Dow rises for a third day, gains more than 100 points as coronavirus relief talks continue

Stocks rose on Tuesday, building on the previous session’s strong gains, as lawmakers try to make inroads on a new coronavirus stimulus package.

The Dow Jones Industrial Average traded 126 points higher, or 0.5%. The S&P 500 climbed 0.2% while the Nasdaq Composite was flat. Both the Dow and S&P 500 were on pace to post three-day winning streaks.

Apple rose 0.6% and UnitedHealth gained 1.5%. The energy and real estate sectors rose more than 1% each to lead the S&P 500 higher. 

Airline stocks experienced broad gains as well. United and Delta Air Lines both advanced more than 2%. American jumped 5.1% and JetBlue gained 3.1%.

Tuesday’s moves came as lawmakers struggle to make inroads on a new coronavirus stimulus package. House Speaker Nancy Pelosi said she, Senate Minority Leader Chuck Schumer and White House chief of staff Mark Meadows held “productive” discussions on Monday, but added there are several issues still outstanding. 

“We are moving down the track,” Pelosi said, but “still have our differences.”

Both sides have indicated they agree on another $1,200 stimulus check, but remain deadlocked on additional unemployment assistance.

“In our opinion, Congress will muster the fortitude to deliver near-term stimulus support,” said Darrell Cronk, president of Wells Fargo Investment Management, in a note. “However, a greater challenge comes in 2021 when this year’s extraordinary fiscal stimulus programs fade.”

Wall Street was coming off a strong session, with the Dow rallying more than 200 points on Monday. The S&P 500 also ended the session less than 3% below the intraday record set on Feb. 19.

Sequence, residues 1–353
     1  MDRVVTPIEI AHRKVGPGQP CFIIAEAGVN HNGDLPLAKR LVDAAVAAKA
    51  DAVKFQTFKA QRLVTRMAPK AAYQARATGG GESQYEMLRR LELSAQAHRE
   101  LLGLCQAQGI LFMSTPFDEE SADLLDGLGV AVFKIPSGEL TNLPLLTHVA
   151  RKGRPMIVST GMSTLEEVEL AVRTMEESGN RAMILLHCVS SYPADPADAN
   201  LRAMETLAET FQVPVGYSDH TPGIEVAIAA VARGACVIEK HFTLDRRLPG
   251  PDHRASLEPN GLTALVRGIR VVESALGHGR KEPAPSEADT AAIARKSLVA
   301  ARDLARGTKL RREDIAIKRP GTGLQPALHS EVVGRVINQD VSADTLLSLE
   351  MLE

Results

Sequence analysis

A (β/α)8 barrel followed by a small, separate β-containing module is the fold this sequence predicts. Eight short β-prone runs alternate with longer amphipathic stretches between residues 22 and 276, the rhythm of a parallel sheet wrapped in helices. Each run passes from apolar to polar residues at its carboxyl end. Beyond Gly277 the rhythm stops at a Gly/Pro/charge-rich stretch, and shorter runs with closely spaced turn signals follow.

Those gains came after Microsoft and Apple powered the S&P 500 tech sector to an all-time high, rising 5.6% and 2.5%, respectively. Tech has been by far the best-performing sector this year, rising more than 23% in that time period.

“Tech stocks have captured considerable attention for their gaudy, relative total return performance, but what is less appreciated is how ‘consistent’ they have been,” Jim Paulsen, chief investment strategist at The Leuthold Group, in a note to clients. Paulsen pointed out the S&P 500 has outpaced the broader market 57% of the time in 2020.

“What valuation is warranted by a sector whose business grows faster for reasons that are less dependent on overall economic conditions, and whose members generate remarkable excess returns with superior frequency, compared to any other sector in the stock market?”

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